The busiest time of year for conventions in Alaska is in the fall (September to early November) and spring (February to May), says Jeanette Anderson Moores, public relations manager for Visit Anchorage. These dates also happen to coincide with some of the state’s best festivals—several of which are free. Planning an Alaska event at the same time as a festival provides groups built-in entertainment as well as insight into the state’s native culture. Here are seven Alaska festivals in Anchorage, Juneau and Fairbanks that will enhance your event any time of year, starting this summer.
For an authentic Alaskan celebration, visit Fairbanks in the third week of July, says Jerry Evans, public relations manager for Explore Fairbanks. That’s when residents cut loose in honor of their Gold Rush history, during a 5-day festival dubbed Golden Days. Locals really show their pride, as bank managers dress up as sourdough miners and waitresses wear “fluzie” outfits. Declared one of the country’s top 100 events by Destination Magazine, the festival includes costume contests, Alaska’s largest parade, foot races, a BBQ cook-off and a rededication of the Felix Pedro monument, which was a gift to Fairbanks from the Italian government. Most of the events are held in Pioneer Park, just along the Chena River. Evans adds that many organizations host events in conjunction with Golden Days.
The Alaska State Fair, which will be held Aug. 27 to Sept. 7, 2015, is also a great event for meeting and convention attendees to attend in Anchorage, says Anderson Moores. It is a typical state fair with all of the animals, food booths, business and nonprofit vendors, music, performances and interactive events for attendees to enjoy. Some acts are from Alaska, while others travel from out of town. The fair attracts national musicians as well as many many local bands and performing groups.
Designated a 2014 Top 100 Event in North America by the American Bus Association, the University of Alaska Festival of Native Arts in Fairbanks is a celebration of Native culture that includes dance, music, traditional arts and performances from Alaska’s main cultural groups as well as other groups from outside of Alaska. Groups can see traditional dances and get involved during invitational, view art demonstrations, watch films about different cultures and purchase artisan crafts. The festival takes place in late February to early March.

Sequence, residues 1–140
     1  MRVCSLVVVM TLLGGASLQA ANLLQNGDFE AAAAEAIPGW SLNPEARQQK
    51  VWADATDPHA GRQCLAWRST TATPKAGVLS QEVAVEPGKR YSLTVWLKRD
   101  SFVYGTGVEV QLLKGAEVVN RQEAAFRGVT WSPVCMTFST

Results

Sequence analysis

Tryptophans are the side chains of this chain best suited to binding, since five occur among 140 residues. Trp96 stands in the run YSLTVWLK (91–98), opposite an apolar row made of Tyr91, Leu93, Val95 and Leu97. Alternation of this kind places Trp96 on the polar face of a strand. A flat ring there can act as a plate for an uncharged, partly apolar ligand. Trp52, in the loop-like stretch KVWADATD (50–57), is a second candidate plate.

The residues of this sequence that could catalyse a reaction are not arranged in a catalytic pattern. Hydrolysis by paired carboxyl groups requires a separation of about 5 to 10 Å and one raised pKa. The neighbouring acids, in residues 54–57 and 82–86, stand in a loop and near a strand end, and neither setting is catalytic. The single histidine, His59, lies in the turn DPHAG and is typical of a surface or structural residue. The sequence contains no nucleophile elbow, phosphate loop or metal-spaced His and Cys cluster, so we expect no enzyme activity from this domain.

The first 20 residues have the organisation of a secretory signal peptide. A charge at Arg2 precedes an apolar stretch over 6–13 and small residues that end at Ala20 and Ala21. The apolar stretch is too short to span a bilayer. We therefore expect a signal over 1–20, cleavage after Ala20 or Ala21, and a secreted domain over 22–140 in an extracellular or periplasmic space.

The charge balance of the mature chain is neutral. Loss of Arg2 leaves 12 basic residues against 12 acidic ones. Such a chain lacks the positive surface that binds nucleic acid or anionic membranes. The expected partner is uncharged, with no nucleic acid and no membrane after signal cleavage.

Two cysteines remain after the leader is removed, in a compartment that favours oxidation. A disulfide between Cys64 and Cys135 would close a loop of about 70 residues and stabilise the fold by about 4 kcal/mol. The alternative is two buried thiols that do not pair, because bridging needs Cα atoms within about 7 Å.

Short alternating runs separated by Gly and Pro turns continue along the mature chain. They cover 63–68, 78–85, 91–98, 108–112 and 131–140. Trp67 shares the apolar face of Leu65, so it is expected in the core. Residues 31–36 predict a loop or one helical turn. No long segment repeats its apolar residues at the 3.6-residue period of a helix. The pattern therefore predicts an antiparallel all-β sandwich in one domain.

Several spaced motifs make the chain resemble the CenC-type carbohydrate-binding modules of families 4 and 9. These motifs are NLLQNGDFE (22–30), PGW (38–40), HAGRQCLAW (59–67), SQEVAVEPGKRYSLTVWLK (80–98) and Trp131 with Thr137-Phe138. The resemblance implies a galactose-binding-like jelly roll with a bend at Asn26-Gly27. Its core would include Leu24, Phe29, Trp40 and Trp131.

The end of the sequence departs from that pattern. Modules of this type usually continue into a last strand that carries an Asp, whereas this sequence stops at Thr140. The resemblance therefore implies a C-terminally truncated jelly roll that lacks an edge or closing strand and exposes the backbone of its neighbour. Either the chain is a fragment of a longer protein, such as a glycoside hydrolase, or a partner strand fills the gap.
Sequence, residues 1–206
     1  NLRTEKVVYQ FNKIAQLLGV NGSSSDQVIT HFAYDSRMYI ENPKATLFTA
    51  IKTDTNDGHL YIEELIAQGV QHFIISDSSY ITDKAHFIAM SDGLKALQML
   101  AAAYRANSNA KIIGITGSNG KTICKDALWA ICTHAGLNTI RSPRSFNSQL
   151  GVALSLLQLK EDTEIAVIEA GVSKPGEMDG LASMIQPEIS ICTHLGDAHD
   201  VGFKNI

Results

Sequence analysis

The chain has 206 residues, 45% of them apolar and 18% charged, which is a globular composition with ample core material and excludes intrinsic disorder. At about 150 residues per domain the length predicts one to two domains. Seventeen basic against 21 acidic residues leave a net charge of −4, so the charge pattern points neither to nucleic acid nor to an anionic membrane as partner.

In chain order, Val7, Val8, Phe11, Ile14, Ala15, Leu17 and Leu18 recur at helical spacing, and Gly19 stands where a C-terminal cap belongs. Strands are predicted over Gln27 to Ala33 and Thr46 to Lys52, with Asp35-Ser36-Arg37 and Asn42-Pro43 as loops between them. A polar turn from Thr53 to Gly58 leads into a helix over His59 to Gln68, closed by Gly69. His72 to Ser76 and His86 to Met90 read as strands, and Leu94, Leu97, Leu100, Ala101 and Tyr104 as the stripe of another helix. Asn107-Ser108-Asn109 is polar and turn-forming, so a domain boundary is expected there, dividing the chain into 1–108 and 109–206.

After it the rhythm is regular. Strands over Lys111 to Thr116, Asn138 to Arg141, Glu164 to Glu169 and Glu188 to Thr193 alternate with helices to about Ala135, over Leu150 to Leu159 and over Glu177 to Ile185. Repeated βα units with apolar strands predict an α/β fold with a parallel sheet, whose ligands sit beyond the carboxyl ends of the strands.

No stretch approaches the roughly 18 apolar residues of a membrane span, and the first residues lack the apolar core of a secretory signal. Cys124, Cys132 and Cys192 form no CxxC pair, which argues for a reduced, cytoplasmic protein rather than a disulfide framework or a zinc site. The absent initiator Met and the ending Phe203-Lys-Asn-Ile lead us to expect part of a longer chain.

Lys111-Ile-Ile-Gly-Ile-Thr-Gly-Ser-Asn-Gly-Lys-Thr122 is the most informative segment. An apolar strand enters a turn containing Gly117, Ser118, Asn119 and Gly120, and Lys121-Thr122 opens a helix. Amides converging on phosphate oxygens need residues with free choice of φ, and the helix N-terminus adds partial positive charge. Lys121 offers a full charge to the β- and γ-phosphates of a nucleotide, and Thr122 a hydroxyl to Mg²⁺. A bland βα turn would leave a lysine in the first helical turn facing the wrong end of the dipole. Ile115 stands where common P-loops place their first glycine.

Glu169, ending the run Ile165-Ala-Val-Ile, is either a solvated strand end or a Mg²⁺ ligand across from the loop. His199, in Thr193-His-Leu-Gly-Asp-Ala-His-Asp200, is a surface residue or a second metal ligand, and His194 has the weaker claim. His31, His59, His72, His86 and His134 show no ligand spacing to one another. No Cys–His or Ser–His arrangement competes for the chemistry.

The Anchorage Fur Rendezvous, next held Feb. 26 to March 6, 2016, dates back to 1935 when it began as a sports tournament for miners and trappers. Today, it is a combination of history and modern-day fun with carnival rides, a Running of the Reindeer Event, Fur Auction and Eskimo Blanket Toss, to name a few activities. “The Alaska Native Arts & Crafts showcase during Rondy is a great opportunity to meet with local and visiting village artisans selling their work,” says Anderson Moores. “They are often happy to share stories and explain the meaning behind their creations, which makes it even more special.”
Groups can experience the world’s longest winter ultra marathon next March. The Iditarod Trail Sled Dog Race ceremonial start in Anchorage, next held in March 2016, is slightly reminiscent of the Serum Run that brought lifesaving serum to the Nome and nearby villages, says Anderson Moores. The serum traveled by dog team from Seward to Nome. The race today is still a test of endurance of mushers and their four-legged athletes as they traverse the thousand-plus-mile trail.
This weeklong gathering of local and national performers in the Americana and folk tradition happens every first week of April in Juneau, and evening performances are free and open to the public. Musicians gather at impromptu jams in local bars and restaurants, and some are featured performers. “[This festival] is a great way for meeting attendees to relax and take in local color,” says Christy Ciambor, tourism marketing manager, for the Juneau Convention & Visitors Bureau.
Celebration is a biennial event held the first full week of June in even numbered years, organized by Juneau’s Sealaska Heritage Institute. This gathering of more than 50 Alaska Native dance groups and as many as 3,000 attendees perform Wednesday through Saturday with both daytime and evening events, including two parades. The largest Alaska Native cultural event in the state, Celebration is open to the public as clans and houses share their culture, stories and art. “Attendees are treated to stunning regalia, oratory and opportunities to purchase authentic Alaska Native and Northwest Coast art at the accompanying juried Northwest Coast art show and Native Arts Market,” says Ciambor.